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By-election candidates polled on voluntary assisted dying laws


Euthanasia advocates are concerned the Liberal National Party candidate will not say whether he would support VAD laws if elected.

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The My Life My Choice coalition questioned all candidates in the Stretton by-election about their stance on the VAD laws soon to go before the Queensland parliament.

Labor candidate James Martin, the front-runner, was supportive of VAD, as was Greens candidate Andrea Wilden, while Animal Justice Party candidate Suzanne Clarke gave her in-principle support.

But LNP candidate Jim Bellos did not respond to the survey, nor did Informed Medical Options candidate Jazzy Melhop, who opposes any government pressure in healthcare.

Bellos is a police officer and former Queenslander of the Year but could be forgiven for keeping a low profile. During the by-election campaign, he has had to apologise to Pegg’s family for featuring his image in LNP posts, and for previous social media posts about female journalists.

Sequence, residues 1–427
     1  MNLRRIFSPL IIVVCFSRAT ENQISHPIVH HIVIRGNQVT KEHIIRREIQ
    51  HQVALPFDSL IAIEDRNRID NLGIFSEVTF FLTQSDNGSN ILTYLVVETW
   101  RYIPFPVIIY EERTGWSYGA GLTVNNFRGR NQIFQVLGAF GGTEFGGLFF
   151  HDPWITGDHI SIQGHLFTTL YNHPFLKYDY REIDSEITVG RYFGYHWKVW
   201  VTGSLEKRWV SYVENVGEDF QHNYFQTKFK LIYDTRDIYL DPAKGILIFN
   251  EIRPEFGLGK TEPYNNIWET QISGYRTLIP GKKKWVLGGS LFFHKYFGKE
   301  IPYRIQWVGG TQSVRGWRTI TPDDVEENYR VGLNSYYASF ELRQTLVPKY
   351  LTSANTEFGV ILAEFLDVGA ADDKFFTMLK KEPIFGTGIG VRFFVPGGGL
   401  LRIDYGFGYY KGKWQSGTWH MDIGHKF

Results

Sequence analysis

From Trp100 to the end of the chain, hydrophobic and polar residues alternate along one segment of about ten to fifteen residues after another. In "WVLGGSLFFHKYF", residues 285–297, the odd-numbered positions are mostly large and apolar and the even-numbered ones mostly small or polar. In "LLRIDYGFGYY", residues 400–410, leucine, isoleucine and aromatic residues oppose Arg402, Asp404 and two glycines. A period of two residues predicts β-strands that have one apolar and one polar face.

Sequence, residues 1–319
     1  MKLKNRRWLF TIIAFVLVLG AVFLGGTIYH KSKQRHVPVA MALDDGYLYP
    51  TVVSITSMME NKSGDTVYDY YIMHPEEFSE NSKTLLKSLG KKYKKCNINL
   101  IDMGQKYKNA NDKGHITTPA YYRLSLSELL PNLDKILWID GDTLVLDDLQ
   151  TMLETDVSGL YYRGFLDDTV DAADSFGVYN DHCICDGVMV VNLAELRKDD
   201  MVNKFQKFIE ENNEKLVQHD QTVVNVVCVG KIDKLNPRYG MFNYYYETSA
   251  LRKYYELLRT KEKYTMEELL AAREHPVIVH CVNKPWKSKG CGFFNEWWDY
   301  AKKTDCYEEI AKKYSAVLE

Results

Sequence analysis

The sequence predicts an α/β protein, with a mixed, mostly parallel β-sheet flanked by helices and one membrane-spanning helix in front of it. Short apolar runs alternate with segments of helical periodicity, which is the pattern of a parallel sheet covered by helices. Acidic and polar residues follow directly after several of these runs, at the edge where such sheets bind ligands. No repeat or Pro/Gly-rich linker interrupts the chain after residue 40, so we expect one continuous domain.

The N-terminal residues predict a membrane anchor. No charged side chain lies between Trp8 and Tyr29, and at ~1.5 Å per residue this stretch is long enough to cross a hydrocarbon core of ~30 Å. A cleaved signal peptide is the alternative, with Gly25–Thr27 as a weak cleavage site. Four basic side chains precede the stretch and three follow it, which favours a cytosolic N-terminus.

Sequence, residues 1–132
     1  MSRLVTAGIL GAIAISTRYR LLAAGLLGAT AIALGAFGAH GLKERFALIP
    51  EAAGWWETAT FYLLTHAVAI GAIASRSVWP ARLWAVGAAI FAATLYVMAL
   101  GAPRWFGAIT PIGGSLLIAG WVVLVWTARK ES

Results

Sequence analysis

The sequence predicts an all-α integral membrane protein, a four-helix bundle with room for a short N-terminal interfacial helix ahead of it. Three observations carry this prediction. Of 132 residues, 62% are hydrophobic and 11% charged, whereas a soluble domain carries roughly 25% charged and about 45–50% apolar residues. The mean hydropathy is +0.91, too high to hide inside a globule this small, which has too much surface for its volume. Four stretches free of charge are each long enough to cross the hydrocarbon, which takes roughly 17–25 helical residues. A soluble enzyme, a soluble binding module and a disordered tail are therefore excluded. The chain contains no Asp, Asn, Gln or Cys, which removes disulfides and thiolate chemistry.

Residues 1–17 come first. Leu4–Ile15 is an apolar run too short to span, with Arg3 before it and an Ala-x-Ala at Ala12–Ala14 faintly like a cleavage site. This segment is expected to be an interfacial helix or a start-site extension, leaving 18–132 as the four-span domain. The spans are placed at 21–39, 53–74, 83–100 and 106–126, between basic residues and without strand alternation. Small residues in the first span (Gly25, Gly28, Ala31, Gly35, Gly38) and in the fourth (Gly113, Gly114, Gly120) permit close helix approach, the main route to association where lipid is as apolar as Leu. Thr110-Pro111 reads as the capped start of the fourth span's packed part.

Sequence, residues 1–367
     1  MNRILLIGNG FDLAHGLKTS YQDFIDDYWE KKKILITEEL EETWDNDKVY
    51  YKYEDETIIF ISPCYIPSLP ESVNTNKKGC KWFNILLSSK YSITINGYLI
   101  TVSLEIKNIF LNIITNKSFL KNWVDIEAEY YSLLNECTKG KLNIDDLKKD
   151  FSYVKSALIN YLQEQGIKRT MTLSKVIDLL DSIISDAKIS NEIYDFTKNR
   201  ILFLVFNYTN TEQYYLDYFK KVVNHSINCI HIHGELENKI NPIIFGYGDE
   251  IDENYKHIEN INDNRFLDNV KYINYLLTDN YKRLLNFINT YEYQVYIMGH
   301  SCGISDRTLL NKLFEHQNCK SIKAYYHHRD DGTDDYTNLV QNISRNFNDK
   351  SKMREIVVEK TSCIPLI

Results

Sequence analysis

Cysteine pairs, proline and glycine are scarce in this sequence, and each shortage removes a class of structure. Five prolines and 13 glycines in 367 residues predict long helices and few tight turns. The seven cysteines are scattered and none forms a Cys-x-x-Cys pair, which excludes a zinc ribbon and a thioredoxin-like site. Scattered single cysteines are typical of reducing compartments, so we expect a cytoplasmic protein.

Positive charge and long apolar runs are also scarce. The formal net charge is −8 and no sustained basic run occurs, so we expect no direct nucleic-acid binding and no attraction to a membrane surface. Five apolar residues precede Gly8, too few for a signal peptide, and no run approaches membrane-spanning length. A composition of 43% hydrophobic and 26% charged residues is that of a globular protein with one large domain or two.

David Muir, chair of the Clem Jones Trust, noted Bellos’ refusal to engage came ahead of the LNP state conference considering whether to block the party’s planned conscience vote on VAD.

The by-election, sparked by the death of Labor incumbent Duncan Pegg, is on Saturday, when the conference will also be held.

“There could not be a more compelling issue for a conscience vote than an issue dealing with the timing and manner of a terminally ill individual’s death,” Muir said.

“Surely a resolution that directly contradicts LNP leader David Crisafulli’s decision to grant a conscience vote should be ruled out of order.

“At the very least it must be soundly defeated in order to ensure confidence in the parliamentary leadership of the LNP and the credibility of the LNP as an alternative government.”

A parliamentary committee is considering the VAD laws promised by the Labor government of Annastacia Palaszczuk.

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